NWUF Tuesday Film Night

Tuesday, April 25 at 7PM: FILM NIGHT

Stonestreet Studios, Manhattan
48 W 21st St #801, New York, NY 10010

Panel at 7PM: Nasty Women* and the Fight for Health and Empowerment


Rachelle Pereira, Co-Founder, EQUALibrium
Rachelle Pereira is the Co-Founder of EQUALibrium, a leadership and communication consulting firm dedicated to nurturing and building Powerful Modern Leaders.  In her 15 years as an executive coach, facilitator, and educator, she has had the privilege of working with a diverse group of organizations ranging from small start-ups to Fortune 100 companies and is on a secret (not so secret) mission to help more women enter the C-Suite.

Michelle Hope, CEO MHSexpert
http://www.MHSexpert.com  and Michelle can be found on all social media platforms @MHSexpert

Caitlin Brodnick, Screw You Cancer Series

7:45PM – Film Screenings

Brief Q&A with film directors will follow the screenings

Not all we carry is baggage.
Starring Cleo Gray
Directed & written by Kate Moran

“Turn The Key”
Turn the Key was filmed as a part of 48 Hour Dance Film Competition and features the choreography of Elizabeth Boyd and Kendra Brisco.
Director & Lead Dancer: Elizabeth Boyd
Producer & Second Dancer: Kendra Brisco
Editor & Director of Photography: Drew Robinson

“Trudy Gets Tindered”
Alyssa Rallo Bennett is a filmmaker and founder of Stonestreet Studios. She recently returned to music, just released the first four songs of her first album, ARB, which can be found on iTunes, Spotify, and most other platforms.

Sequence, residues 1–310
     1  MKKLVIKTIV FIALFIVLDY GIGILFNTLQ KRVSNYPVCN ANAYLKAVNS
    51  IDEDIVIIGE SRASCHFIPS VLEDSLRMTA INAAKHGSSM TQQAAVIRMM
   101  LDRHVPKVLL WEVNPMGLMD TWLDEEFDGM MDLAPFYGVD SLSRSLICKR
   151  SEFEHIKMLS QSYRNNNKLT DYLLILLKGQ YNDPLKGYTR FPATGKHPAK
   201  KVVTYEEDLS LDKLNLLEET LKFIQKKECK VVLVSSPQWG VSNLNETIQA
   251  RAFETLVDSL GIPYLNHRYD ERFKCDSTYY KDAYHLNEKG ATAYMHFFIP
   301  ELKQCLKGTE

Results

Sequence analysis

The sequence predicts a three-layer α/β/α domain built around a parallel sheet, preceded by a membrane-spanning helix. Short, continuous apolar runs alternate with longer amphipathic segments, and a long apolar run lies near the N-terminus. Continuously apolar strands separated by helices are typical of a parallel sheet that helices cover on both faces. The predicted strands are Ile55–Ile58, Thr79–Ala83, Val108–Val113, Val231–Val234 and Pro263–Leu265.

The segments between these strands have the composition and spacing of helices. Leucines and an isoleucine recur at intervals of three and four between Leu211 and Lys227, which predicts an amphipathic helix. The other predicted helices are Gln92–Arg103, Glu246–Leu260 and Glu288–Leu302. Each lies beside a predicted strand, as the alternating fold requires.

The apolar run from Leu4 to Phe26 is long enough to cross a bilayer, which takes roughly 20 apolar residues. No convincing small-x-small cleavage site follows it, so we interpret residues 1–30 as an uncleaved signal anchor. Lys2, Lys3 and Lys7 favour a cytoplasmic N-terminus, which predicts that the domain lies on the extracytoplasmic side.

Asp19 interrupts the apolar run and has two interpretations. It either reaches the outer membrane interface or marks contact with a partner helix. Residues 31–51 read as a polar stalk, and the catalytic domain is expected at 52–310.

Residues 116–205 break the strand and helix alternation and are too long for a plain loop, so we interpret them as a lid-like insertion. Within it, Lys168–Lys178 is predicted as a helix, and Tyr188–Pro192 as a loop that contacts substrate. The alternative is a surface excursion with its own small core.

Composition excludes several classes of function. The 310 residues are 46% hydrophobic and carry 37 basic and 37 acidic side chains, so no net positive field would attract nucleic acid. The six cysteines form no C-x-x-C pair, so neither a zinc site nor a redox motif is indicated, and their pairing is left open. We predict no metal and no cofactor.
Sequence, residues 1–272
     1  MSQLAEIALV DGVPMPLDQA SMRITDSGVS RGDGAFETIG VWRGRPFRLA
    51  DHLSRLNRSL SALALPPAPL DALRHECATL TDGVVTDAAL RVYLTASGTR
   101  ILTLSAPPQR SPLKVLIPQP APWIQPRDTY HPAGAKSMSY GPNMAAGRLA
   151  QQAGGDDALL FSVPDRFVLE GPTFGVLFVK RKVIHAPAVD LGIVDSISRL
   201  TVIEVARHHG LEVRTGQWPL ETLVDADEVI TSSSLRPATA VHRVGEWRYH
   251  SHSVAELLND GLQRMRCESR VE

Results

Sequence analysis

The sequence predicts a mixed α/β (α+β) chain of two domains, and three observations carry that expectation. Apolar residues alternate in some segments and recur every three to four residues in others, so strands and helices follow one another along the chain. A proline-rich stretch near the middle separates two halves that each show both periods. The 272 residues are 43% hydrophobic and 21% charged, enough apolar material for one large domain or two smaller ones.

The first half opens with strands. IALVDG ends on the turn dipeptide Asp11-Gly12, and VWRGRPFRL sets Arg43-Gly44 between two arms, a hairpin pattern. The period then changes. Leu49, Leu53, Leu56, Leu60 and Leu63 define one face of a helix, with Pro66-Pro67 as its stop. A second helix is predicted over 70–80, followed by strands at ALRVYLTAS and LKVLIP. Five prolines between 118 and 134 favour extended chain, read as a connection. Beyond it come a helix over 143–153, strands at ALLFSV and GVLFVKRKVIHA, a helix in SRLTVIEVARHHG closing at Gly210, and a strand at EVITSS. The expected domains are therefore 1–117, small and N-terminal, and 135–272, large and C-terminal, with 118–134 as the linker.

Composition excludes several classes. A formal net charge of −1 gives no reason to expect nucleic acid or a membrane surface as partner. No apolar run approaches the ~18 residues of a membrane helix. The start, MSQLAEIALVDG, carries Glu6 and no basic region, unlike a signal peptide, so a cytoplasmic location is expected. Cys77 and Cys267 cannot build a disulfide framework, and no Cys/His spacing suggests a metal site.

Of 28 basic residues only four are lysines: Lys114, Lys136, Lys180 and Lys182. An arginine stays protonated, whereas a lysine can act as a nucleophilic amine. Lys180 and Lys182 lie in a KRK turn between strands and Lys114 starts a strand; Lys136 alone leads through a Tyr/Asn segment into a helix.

By Alyssa Rallo Bennett

“Getting Over Obama”
We make comedy, not cheese.
By Queso Digital: Anita Flores and Lorena Russi

“My Boyfriend”
By Emily Walton
Emily Walton is an actor-singer-songwriter trying her best to find humor and creativity in these dark times.
Social Media handle: @Mr_EmilyWalton (Twitter, Instagram)

“Don’t Look at Me”
Stop-motion piece about childhood memories mostly dealing with solitude, rejection and alienation. ​
By Angel Yau

Incarnation explores the identity of Yemonja, a Goddess of the Yoruba people of West Africa, who was syncretised into Christian Latin-American culture as a result of the Trans-Atlantic slave trade.  The choreography embodies Yemonja’s struggle to reconcile her multiple identities and is mirrored by the competing sounds and visuals.

By Melanie Flanagan//FUN Collective Videographer

“Names of Women”
Names of Women is a short film based on my personal abortion story.
By Poppy Liu: filmmaker, actress, activist